- Understanding the assumptions – major assumptions involved are regarding revenues, operating expenses, capital expenditures and other general assumptions like working capital and foreign exchange assumptions
- Assessment of assumptions – involves evaluating the various assumptions and benchmarking the same with respect to the industry estimates and various studies. Sometimes the lenders appoint an independent business advisor to validate the assumptions made in the business model.
- Analysis of project cost – One of the most important stages in due diligence, as a substantial amount of capital expenditure has to be incurred. The project cost is then benchmarked to other similar projects implemented in the industry. Also it needs to be insured that appropriate contingency measures and foreign exchange fluctuation measures have been incorporated into the estimated project cost.
- Sensitivity analysis – A business model involves many estimates and assumptions. Some of these assumptions do not materialize in view of changing business scenarios. Hence, it is important to sensitize the business model to certain key parameters. The lenders need to access financial viability of the project in light of sensitivity analysis coupled with ratio analysis.
- Benchmarking with the industry – An analysis of the key ratios in light of available industry benchmarks is useful in an overall assessment of the business plan.
Legal due diligence
Legal due diligence is usually undertaken by an independent legal counsel appointed by the lenders. This process comprises of the following:
- Identifying the rights and liabilities of various project participants
- Study of project implementation schedule
- Adequacy of liquidated damages and penalty payable on non-performance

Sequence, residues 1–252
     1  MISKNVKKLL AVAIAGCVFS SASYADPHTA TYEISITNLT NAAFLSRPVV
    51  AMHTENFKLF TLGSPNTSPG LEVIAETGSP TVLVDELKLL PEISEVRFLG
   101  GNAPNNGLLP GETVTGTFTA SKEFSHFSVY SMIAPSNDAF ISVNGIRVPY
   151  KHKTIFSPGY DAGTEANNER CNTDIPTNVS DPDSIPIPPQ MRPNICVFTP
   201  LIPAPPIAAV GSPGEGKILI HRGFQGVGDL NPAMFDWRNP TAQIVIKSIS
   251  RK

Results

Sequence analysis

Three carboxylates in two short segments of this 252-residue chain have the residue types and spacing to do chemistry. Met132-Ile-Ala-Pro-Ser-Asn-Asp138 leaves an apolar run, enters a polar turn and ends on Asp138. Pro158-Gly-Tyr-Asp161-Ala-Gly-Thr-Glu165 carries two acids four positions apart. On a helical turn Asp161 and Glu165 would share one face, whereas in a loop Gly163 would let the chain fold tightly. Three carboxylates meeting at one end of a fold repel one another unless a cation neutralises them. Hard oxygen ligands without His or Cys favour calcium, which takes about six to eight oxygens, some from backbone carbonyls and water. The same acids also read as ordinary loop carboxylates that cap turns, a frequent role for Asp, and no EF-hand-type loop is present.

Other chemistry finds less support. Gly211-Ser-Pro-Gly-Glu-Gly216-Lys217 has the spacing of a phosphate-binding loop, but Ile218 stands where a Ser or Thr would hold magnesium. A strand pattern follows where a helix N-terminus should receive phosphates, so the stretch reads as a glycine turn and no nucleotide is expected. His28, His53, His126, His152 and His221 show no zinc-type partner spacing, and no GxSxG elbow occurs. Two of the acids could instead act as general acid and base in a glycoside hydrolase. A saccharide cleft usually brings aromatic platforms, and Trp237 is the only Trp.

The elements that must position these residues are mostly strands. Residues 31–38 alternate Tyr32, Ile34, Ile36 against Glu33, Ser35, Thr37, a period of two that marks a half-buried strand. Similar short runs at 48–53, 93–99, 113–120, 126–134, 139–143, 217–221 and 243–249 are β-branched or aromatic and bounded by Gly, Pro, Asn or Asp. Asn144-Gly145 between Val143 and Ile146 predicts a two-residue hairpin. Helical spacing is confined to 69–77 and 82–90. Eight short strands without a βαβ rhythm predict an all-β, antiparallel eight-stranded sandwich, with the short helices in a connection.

Assessment of financial structure
The following aspects need to be considered in order to access the financial structure:
- Debt equity ratio – A good project would ideally have a low debt-equity ratio which helps in reducing the cost of the debt thereby increasing the net cash accruals. Higher net cash accruals enable the company to build up sufficient cash reserves for principal repayment and provide a cushion to the lenders.
- Principal repayment schedule – The lender endeavours to match the principal repayment schedule with the cash flow projections while leaving sufficient cushion in the cash flow projections. One way of safeguarding lenders’ interests to negotiate the creation of a sinking fund for this purpose
- Sinking Fund build-up – Build-up of a sinking fund or Debt Service Reserve Account is usually built up in order to safeguard the lender’s Such a fund entails deposit of a certain amount in a designated reserve account which is used towards debt servicing in the event of a shortfall in any year/quarter of the debt repayment period.
- Trust and retention mechanism – In projects, a trust and retention mechanism is often incorporated in order to safeguard the lenders’ interest. The mechanism entails all revenues from the company to be routed to a designated account. The proceeds thus credited to the account are utilised towards payment of various dues in a predefined order of priority. Generally, the following waterfall of payments is established: statutory payments including tax payments, operating expenditure payments, capital expenditure payments, debt servicing, dividend and other restricted payments.